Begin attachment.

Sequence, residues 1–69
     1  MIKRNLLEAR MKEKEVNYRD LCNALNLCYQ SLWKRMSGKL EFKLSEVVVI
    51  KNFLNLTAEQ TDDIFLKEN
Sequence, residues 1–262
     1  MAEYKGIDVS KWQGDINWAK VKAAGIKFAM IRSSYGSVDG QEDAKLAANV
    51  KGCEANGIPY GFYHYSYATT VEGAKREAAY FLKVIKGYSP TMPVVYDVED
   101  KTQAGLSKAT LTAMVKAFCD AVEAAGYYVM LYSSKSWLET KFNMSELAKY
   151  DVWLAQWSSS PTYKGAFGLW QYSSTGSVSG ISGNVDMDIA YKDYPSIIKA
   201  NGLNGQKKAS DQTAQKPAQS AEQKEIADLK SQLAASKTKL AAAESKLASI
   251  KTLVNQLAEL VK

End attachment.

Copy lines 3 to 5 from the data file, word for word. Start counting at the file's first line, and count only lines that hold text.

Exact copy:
    51  KNFLNLTAEQ TDDIFLKEN
Sequence, residues 1–262
     1  MAEYKGIDVS KWQGDINWAK VKAAGIKFAM IRSSYGSVDG QEDAKLAANV